The upregulated target genes are responsible for the cellular effects of THs. These effects include some basic cellular functions such as cell proliferation, migration, and differentiation, which are necessary for brain development and plasticity (Fig. 1). It is suggested that non-genomic action of TH through membranous integrin αvβ3 [22] is responsible for proliferation of cells [23], although TR-target genes responsible for cell proliferation are not yet fully established. TH induces epithelial-mesenchymal transition and stimulates migration by upregulating the zinc finger E-box binding homeobox 1 (ZEB1) gene in squamous cell carcinoma cells [24]. Furthermore, TH plays important roles in the maturation and differentiation of numerous types of cells including neurons and glial cells. Neural differentiation by TH contributes to multiple phenomena such as axon elongation, synaptogenesis, and dendrite arborization. Some examples of TR-target genes responsible for cerebellar development are Purkinje cell protein-2 and myelin basic protein [25]. In addition, the upregulated TR-target genes further induce secondary or tertiary effects. The whole picture of TH-induced cerebellar development remains to be clarified.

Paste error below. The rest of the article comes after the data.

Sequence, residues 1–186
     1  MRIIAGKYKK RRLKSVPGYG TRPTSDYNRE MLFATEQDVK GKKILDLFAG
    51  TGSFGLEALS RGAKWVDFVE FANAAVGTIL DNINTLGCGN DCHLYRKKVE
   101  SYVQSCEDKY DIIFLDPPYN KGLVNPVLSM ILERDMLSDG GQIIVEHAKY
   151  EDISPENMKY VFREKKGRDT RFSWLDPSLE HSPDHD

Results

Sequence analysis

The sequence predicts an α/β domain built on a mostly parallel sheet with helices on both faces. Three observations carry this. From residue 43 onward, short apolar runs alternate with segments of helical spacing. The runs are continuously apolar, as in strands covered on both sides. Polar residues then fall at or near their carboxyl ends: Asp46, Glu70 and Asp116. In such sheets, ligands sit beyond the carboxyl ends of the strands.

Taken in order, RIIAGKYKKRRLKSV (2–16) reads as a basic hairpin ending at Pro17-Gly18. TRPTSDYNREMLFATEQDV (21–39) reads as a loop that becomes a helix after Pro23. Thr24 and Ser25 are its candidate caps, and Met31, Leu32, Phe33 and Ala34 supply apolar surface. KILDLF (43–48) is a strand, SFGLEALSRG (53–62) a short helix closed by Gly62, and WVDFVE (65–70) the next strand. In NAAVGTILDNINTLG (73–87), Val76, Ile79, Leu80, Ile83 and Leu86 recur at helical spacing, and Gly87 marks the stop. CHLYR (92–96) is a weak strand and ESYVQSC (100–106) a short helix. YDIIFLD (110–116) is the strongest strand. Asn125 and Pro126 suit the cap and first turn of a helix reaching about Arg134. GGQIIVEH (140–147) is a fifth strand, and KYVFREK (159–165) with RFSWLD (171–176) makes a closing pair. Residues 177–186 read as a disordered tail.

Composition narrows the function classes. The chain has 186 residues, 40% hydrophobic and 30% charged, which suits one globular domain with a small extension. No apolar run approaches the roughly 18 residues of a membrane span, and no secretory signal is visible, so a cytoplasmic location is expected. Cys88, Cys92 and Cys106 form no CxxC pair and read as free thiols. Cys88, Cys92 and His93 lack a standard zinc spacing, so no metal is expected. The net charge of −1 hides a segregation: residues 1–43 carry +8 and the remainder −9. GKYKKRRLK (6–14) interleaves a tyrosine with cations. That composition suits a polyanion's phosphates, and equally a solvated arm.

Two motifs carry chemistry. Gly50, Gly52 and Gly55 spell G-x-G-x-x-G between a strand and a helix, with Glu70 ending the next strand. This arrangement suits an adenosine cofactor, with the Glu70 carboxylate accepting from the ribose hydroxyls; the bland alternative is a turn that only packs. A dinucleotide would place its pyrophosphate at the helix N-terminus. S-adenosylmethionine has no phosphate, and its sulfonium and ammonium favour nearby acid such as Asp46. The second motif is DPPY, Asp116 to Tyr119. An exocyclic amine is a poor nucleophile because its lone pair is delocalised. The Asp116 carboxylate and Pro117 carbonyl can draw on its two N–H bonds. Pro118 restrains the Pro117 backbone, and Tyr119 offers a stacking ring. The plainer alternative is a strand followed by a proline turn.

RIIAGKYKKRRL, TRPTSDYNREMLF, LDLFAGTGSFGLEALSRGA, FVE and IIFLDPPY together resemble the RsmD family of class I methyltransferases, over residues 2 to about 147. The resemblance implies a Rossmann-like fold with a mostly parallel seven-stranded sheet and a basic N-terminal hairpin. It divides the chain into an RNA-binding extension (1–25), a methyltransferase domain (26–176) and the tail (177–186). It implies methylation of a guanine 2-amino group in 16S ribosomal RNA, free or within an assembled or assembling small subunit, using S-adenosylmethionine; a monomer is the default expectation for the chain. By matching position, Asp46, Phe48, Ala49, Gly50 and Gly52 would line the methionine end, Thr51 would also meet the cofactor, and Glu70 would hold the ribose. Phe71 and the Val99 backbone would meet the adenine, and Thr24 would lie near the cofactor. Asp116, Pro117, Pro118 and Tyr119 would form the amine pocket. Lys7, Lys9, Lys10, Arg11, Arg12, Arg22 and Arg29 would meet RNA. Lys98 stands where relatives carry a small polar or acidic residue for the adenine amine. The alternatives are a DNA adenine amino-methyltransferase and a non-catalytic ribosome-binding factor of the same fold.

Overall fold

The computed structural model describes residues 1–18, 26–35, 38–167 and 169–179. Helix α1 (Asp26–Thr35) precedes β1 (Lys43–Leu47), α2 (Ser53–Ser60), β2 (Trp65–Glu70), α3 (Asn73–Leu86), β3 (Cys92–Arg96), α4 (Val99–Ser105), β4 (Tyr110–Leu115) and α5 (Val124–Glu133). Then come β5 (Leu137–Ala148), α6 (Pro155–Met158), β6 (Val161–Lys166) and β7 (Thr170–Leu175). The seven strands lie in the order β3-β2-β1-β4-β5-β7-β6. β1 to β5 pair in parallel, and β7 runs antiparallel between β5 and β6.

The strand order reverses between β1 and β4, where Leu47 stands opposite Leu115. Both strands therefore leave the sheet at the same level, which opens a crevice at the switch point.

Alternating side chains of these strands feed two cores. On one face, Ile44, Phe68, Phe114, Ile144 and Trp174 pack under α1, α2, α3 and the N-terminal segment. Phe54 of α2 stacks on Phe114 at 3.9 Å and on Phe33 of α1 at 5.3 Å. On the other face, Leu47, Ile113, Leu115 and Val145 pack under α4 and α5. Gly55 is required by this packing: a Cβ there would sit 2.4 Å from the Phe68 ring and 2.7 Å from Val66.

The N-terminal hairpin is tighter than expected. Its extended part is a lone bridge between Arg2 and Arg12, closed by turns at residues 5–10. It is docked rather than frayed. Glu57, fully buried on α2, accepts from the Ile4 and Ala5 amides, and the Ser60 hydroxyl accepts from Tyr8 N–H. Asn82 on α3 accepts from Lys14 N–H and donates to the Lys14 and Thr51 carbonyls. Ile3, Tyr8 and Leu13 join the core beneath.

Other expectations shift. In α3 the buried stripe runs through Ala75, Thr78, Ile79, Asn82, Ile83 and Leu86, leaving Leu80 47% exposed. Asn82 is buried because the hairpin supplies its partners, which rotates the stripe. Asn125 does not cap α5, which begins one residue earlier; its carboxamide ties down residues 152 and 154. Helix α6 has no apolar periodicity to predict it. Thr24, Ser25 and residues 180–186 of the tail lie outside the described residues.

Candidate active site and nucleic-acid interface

TH deficiency during the postnatal period causes CH in humans. Untreated CH causes poor neurodevelopmental outcomes in the children such as mental retardation, cerebellar ataxia, and deafness, together with impaired body growth [26,27]. Thus, the cerebellum has been identified as a TH-sensitive brain region during the developmental age. Various kinds of mice models have been used to assess the effects of TH on the development of the cerebellum (Table 1) [2852]. These are categorized to drug-induced hypothyroidism, surgical thyroidectomy, or genetic mutation. These models display extensive abnormalities in cerebellar development, resulting in an ataxic phenotype based on morphological or neurophysiological impairment.